There is a plethora of articles discussing the ramifications of this vote.  While most articles forecast the British economy to suffer in the short and medium term, no articles have pointed out the opportunity for lawyers is greater than ever due to the number of agreements that will have to be negotiated.  As disruptive as this referendum is, eventually this vote will be viewed as the "job security act" for lawyers.

- Henry Park

Monday, June 20, 2016

Trademark - Who owns the Sky?

     Trademark owners need to be vigilant about protecting their marks.  However, owners should be careful not to be vilified as a trademark bully.

     Over the weekend, there was a story about how British Sky Broadcasting Group plc objected to the game developer Hello Games using the word "Sky" in their forthcoming video game "No Man's Sky".  See Digital Trends.  As always the devil is in the details.

     Hello Games had filed an EU trademark application for "NO MAN'S SKY" for broadly claimed goods and services within Classes 9, 14, 16, 18, 21, 25, 28, 35, 38, 41, 42 and 45.  See EUIPO link (opposition records also can be found here).  On May 14, 2014, Sky plc filed a notice of opposition asserting a likelihood of confusion, senior user rights, and unfair competition based on its registered marks and non-registered marks.  See Observations (hosted on  Over the course of the next two years, the parties negotiated a settlement wherein the developer dropped some classes of goods and services (letter to OHIM, hosted on and narrowed other classes of goods and services by adding a science fiction limitiation.  Letter to OHIM (hosted on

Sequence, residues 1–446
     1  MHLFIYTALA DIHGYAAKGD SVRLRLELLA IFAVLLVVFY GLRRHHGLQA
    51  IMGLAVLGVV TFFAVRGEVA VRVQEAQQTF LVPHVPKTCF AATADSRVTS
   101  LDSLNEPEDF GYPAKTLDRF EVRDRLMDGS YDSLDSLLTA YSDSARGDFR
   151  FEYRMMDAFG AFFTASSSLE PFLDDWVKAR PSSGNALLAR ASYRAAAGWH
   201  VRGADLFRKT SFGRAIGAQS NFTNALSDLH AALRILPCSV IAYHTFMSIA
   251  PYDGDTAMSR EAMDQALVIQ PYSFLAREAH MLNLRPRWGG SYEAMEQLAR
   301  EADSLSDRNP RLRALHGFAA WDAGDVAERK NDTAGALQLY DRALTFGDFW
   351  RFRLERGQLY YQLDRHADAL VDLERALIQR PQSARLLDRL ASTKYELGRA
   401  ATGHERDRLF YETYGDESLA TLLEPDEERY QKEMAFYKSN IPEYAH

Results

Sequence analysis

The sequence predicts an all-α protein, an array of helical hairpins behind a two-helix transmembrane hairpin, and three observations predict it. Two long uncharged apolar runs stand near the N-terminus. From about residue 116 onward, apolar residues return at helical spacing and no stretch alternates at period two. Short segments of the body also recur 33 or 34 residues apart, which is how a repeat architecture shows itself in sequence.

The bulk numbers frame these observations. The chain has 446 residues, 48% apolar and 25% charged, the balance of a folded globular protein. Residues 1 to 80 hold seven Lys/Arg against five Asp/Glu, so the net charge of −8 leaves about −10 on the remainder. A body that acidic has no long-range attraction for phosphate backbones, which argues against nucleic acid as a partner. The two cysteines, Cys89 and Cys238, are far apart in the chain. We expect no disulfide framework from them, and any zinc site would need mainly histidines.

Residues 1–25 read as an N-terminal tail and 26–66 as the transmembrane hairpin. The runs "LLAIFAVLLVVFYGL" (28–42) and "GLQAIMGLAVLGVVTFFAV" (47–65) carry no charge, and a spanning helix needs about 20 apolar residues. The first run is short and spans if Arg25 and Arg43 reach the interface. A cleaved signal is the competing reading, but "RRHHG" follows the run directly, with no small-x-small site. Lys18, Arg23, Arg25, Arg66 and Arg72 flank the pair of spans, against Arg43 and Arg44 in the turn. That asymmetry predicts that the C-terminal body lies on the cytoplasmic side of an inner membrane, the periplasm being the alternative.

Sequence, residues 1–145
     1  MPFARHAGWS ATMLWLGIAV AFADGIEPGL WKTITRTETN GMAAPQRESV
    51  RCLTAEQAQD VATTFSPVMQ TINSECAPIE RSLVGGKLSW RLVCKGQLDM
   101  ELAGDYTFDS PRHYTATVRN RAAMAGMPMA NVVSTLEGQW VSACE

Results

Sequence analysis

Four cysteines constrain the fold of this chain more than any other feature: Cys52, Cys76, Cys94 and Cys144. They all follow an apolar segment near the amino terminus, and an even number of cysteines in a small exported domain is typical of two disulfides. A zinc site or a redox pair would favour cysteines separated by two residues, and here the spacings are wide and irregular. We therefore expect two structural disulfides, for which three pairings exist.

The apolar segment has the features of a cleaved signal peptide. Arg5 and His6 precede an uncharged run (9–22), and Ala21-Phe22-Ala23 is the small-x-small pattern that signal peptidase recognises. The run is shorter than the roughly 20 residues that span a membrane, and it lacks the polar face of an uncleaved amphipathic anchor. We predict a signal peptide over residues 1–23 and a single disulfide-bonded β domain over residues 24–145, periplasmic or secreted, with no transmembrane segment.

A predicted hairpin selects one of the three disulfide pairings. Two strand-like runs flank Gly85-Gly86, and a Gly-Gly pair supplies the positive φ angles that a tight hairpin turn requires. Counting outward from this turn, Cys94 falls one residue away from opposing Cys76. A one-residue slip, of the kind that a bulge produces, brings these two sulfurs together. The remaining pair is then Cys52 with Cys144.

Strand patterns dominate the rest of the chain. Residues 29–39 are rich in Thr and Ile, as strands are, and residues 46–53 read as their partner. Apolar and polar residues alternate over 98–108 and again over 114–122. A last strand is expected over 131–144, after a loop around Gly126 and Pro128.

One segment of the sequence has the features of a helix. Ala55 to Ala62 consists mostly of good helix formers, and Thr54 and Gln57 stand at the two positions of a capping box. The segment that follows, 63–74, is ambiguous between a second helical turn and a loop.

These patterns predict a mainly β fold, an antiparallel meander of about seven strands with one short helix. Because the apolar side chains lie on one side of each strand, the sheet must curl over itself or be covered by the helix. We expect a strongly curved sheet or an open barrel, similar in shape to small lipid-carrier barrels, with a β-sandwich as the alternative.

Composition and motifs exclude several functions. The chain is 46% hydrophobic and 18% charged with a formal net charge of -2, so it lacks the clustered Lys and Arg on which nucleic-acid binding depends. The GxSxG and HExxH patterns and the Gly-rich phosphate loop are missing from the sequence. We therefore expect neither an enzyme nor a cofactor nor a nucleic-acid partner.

While the grounds of Sky plc's decision to file a notice of opposition may be debatable (i.e., is there really a likelihood of confusion between SKY or SKY TEAM and NO MAN'S SKY?), the notice did achieve positive results for Sky plc.  It reinforced Sky plc's no nonsense reputation around protecting its trademarks, and it forced the game developer to limit its claimed goods and services.

- Henry Park

Friday, June 17, 2016

Copyright - Don't publish my demand letter!

       Attorney Charles J. Harder, on behalf of his clients Ivari International and Edward Ivari, sent a demand letter to Gawker concerning the publication of a story about Donald Trump's hair being a $60,000 weave sourced from Ivari International.

     Mr. Harder's letter threated Gawker with a number of dubious legal claims, and concluded with the following paragraph:
This letter is confidential and protected by applicable Copyright law, and therefore may not be copied, published, disseminated or used by any person or for any purpose, other than internally at your company and its outside legal representatives for purposes of evaluating the claims herein and complying with the foregoing demands
Demand letter at 5.

     Can you demand that a third-party keep an unsolicited letter confidential?  Yes, you can make the demand.  But, you shouldn't expect the letter to be kept confidential because there is no agreement between the parties about confidentiality.